The 3 Essential Elements of Innovation

The 3 Essential Elements of Innovation

“To be a true innovation, a product, service, or company has to have three essential elements: it has to be unique, it has to be valuable, and it has to be worthy of exchange.”

(excerpted from  Breaking Away: How Great Leaders Create Innovation that Drives Sustainable Growth–and Why Others Fail. (McGraw-Hill 2011)

Virtually every business leader today would agree that understanding and mastering innovation is one of the most important challenges companies face. Innovation has been the subject of debate, discussion, study, and more than a few arguments over the past hundred years. So when we began to talk about innovation with business leaders, it wasn’t surprising that no two thought about it in the same way.

Cammie Dunaway, executive vice president of marketing and sales for Nintendo Americas, describes it as “the point where consumer insight, market opportunity, and development of a product or service intersect.” Ajay Banga, president and CEO of Master-Card, defi nes it as “an idea that is inherently scalable. If you can’ scale it, it’s not really innovation.” Bill Ford, executive chairman of Ford Motor Company, simply says that innovation comprises “products and processes that make people’s lives better.”

None of these answers are right or wrong; they are just different. It’s this difference in thinking about what innovation is that makes talking about it, maximizing it, and in some cases actually doing it confusing.

The reason for this confusion is tragically simple. Over time, the word has come to be used as an umbrella term for everything from true breakthroughs, like the hybrid car, to the modification of product features or processes that could then be labeled “new.” Renovations are not innovations. Tweaking technology to make a product more current or loading it with features to keep up with the competition is not setting the bar any higher. To be a true innovation, a product, service, or company has to have three essential elements: it has to be unique, it has to be valuable, and it has to be worthy of exchange.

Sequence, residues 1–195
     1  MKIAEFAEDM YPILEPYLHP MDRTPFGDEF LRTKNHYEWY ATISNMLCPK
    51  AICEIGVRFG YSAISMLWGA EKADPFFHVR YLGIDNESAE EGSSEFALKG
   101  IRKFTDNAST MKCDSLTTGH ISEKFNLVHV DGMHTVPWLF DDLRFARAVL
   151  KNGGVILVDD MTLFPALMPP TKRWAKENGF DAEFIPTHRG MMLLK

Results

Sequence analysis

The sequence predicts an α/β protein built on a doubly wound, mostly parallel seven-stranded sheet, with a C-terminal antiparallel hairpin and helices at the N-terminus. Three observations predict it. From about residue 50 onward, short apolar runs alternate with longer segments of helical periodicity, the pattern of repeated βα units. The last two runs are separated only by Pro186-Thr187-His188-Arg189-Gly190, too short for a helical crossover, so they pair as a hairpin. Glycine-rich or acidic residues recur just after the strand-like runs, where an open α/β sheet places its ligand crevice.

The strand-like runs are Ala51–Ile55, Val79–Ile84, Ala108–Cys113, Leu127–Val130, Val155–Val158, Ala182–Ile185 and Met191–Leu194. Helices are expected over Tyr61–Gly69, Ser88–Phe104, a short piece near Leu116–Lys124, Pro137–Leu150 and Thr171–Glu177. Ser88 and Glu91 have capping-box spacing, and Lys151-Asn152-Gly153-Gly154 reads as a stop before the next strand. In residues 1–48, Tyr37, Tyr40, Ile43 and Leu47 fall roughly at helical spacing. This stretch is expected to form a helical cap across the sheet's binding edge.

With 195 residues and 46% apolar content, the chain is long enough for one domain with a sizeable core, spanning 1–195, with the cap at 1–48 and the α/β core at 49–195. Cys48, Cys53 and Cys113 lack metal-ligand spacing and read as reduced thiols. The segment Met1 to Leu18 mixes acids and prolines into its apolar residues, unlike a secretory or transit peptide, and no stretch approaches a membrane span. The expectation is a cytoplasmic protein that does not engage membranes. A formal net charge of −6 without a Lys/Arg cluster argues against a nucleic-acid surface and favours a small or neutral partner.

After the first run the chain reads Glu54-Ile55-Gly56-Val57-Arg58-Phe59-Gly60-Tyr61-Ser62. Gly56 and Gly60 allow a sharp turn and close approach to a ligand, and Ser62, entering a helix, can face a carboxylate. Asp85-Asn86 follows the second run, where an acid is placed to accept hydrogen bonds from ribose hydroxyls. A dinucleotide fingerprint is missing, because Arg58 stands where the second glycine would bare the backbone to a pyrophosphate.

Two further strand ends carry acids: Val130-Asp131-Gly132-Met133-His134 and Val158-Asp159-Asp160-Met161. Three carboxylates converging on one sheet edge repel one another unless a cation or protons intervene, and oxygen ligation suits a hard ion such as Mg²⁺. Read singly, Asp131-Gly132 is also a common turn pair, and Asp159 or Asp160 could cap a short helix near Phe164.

image credit: McGraw Hill


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Jane StevensonNamed by BusinessWeek as one of the “100 Most Influential Search Consultants in the world”, Jane Stevenson is Vice Chairman, Board & CEO Services at Korn/Ferry International (Atlanta/New York). An industry expert on recruiting leaders, Jane was responsible for bringing in many of the first Chief Innovation Officers and CEOs who focused on growth through innovation. Jane is the coauthor of  Breaking Away: How Great Leaders Create Innovation that Drives Sustainable Growth–and Why Others Fail. (McGraw-Hill 2011).

Bilal KaafaraniNamed by BusinessWeek as one of the worlds “Top 25 Masters of Innovation”, Bilal Kaafarani is Chief Innovation Officer and Group President for Yildiz Holding (owner of Godiva, Ulker and 90+ other global brands) and Vice Chairman of Northstar Innovation in Istanbul, Turkey. A global innovation executive at P&G, Kraft, FritoLay, PepsiCo International and The Coca-Cola Company, he has worked with top brands and developed many innovations under his leadership. Bilal is the coauthor of  Breaking Away (McGraw-Hill 2011).


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One Response to The 3 Essential Elements of Innovation

  1. Pingback: NCN Articles of Interest: 3/2/2012 « National Creativity Network

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